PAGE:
WHAT IS IN THE JAPAN CRATE?
There are all kinds of fun activities to do in the Japan Crate including making a game, a craft, cooking, drawing, and learning a little about Japan!
You begin by opening your travel mail from Milo and Anya to find out about their latest travel adventures! Miss 6 enjoys seeing them posing for selfies in the photos of Japan.
There is a passport sticker to add to our Adventure Passport and various cards about Japan to add to it as well. These range from a country map and cultural information, to activity cards with things to do. You can learn some karate, find out about cultural festivals, do some cooking, and learn to draw in kawaii (super cute) style. We did all of the activities in the box and had a lot of fun with them! We enjoyed learning how to make onigiri. Miss 6 loved the kawaii style so much that we picked up a copy of Mini Kawaii Doodle Cuties: Sketching Super-Cute Stuff from Around the World. It’s a handy addition to our World Studies library as it features food and monuments from around the world; i.e. for France you can learn to draw a kawii-style Eiffel Tower, macaron, and beret.
Our Deluxe Box Book was “I am Tama, Lucky Cat” by Wendy Henrichs. It’s a lovely picture book and we found the Afterword with it’s historical information and photographs really interesting for helping us learn more about why Maneki–neko (招き猫, lit. ‘beckoning cat’) are popular.
How to make your own koinobori
These carp streamers (or windsocks) are hung to celebrate Children’s Day (こどもの日 or Kodomo no Hi), this is celebrated annually on the 5th of May. The carp represent courage and strength and this is reflected as well by the popular Japanese saying “koi no taki-nobori” (“koi climbing the rapids”). “The carp, evoking images of energy, power and courage, is a worthy symbol for overcoming life’s difficulties and achieving ultimate success.” [Mark Brazil].
I love how the everything is provided for the craft and, in true KiwiCo style, it is well thought out so that it appeals to a range of ages / abilities and no fiddly glue is provided. Children can customise their beautiful koinobori choosing from a colourful array of fabric ‘scales’ that are laid in an overlapping pattern over strips of special double-sided ‘tape’. There are many more scales than required to ensure plenty of choice and children are encouraged to explore their creativity by making each side of their carp different. Miss 6 finished one side of ‘Mr Carp’ then made him a bed, played with him, and added a row of scales each day to the second side so that he could slowly ‘grow’ and become older.
How to make your own Daruma Otoshi
Daruma Otoshi is a traditional game played in Japan. ‘Daruma’ is the name of the doll and ‘otoshi’ means ‘to drop’. Taking the wooden mallet, you need to try and knock out the bottom wooden circle in such a way that everything above it falls straight down. If you can continue until Daruma drops, without it toppling over, then you win! The game can be played solo or with friends and is harder than it looks!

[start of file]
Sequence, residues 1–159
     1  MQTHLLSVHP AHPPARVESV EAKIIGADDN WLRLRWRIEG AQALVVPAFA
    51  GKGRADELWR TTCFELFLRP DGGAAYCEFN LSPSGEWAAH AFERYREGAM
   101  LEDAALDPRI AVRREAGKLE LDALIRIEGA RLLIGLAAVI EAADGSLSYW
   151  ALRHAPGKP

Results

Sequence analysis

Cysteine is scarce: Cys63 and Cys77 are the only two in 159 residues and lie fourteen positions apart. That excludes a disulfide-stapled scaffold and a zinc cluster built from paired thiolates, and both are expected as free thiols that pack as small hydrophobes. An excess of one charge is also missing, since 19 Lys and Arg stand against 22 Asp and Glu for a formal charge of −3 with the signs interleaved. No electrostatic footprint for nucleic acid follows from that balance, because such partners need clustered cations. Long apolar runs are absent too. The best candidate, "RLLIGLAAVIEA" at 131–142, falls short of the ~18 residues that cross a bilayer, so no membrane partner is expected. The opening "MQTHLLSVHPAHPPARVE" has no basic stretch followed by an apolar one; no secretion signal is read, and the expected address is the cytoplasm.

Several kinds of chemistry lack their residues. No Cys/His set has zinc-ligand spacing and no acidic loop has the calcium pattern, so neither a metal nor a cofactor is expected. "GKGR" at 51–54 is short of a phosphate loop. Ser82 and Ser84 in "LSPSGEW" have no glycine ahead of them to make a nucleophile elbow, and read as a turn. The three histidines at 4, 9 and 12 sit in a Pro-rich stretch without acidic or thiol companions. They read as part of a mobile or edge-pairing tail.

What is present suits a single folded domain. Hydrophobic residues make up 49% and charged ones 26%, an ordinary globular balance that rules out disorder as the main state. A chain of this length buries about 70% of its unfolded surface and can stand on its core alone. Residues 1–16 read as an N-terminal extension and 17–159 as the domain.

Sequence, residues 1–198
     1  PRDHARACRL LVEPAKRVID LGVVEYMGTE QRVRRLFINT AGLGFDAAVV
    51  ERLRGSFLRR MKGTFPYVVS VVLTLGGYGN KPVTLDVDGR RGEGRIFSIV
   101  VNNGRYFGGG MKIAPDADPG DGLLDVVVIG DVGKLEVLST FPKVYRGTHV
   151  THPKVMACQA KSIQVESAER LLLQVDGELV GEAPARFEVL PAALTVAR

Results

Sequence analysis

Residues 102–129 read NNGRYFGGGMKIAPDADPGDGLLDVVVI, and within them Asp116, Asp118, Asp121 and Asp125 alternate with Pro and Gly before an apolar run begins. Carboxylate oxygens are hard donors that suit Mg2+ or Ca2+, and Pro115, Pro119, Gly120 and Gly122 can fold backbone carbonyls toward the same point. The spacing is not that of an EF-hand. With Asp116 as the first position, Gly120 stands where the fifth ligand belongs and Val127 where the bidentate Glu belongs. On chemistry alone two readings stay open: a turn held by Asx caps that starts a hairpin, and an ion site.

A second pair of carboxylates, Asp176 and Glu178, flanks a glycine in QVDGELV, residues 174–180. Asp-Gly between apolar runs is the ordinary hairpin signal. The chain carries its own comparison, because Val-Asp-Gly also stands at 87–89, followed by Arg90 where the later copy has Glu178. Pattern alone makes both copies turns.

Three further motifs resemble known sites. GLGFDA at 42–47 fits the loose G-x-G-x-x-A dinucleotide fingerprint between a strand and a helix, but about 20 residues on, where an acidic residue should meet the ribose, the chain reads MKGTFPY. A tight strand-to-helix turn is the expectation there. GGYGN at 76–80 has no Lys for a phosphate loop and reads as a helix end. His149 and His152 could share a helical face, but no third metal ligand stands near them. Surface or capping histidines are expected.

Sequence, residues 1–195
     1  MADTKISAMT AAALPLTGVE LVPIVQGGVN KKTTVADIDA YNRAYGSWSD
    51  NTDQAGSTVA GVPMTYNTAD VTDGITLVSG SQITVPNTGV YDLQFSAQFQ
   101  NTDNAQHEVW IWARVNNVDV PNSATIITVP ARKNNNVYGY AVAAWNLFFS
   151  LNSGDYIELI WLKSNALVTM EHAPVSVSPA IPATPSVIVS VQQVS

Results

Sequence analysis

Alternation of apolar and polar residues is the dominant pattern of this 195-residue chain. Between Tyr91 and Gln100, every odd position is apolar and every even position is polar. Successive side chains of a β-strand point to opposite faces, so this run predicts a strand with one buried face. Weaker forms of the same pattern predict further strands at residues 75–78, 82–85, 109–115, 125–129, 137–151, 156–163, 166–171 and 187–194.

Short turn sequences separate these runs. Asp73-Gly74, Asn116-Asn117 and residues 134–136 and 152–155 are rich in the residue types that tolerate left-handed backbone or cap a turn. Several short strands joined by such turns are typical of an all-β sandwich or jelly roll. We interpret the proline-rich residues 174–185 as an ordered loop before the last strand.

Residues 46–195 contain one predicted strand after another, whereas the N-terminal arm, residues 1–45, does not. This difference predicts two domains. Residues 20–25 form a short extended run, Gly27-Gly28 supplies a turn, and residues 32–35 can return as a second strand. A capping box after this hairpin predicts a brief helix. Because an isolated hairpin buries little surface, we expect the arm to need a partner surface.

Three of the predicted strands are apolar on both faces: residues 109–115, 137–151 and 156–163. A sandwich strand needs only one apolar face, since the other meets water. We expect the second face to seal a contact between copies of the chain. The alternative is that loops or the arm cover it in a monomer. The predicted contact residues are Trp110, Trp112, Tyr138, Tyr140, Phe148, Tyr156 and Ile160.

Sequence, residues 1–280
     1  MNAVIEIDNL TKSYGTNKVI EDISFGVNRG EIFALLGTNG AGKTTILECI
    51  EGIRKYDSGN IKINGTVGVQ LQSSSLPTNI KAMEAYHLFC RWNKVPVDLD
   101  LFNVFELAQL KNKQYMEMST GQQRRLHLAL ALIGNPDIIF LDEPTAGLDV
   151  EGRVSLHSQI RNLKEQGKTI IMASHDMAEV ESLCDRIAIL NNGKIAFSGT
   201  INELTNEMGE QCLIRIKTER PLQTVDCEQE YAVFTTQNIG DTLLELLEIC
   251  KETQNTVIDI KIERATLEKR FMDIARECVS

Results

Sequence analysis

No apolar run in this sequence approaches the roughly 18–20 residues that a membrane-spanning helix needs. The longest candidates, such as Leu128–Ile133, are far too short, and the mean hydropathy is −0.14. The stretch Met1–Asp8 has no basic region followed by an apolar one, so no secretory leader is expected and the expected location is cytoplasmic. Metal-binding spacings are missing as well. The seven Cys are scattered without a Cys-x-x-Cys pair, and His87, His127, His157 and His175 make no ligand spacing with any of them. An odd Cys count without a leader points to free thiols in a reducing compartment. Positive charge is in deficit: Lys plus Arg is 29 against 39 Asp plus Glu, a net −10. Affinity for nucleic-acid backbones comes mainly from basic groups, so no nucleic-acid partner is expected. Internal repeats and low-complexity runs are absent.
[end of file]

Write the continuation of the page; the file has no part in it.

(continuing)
The crate comes with everything you need for the game. You get to design your own face from the range of stickers provided and there are plenty of spares 🙂
Tip: This ties in well with the physics of Kiwi Co’s Kiwi Crate Disc Launchers Box with its demonstrations of the law of inertia.
HOW DO I ORDER ATLAS CRATE?
This is not a paid review. I spent a lot of time searching the internet to find out more information about the Kiwi Crate and Atlas Crate boxes before deciding to try them and found the blog posts / photos that people shared were really useful!
If you would like to try Atlas Crate (or one of their other lines), you can receive 50% off your first box by clicking here.
What I like about the Atlas Crate kits is that they provide a colourful and imaginative way of exploring the world through hands-on activities. I like that they use a mix of STEM and art to explore different concepts and ideas. Their products are also very well made, with clear instructions, and kids feel a real sense of pride in what they accomplish with each box.
There’s no obligation to sign-up in an on-going capacity so it’s easy to tie them in with birthdays / Christmas; the boxes are quite compact so they also store easily in a cupboard for bringing them out on a rainy day. Other families will choose to sign up for a longer period (like a 3, 6, or 12 month cycle).
WHAT IS IN AN ATLAS CRATE?
Each Atlas Crate comes with a special airmail envelope from Anya the Cricket and Milo the Sandpiper revealing where they’ve been on their latest adventure. There is a special passport sticker for your child’s Atlas Adventure Book plus seven new pages to add about a new country (highlighting geography, customs, landmarks, history, and foods).
There are supplies for two activities (which might be a mix of art, STEM, and games) as well as suggestions for more DIY activities to try at home – from things to make, to things to bake!
If you choose the Deluxe option, then you will also receive a book that helps you explore that month’s destination. This upgrade is an additional USD$9.95 (approx. $15 NZD) and can impact shipping costs as well. Since we’re homeschooling, I decided that we’d try the Deluxe option for 6 months to see how useful we find it.
Interested in more homeschool box reviews?
Discover the World with ATLAS Crate
Explore STEM with Kiwi Crate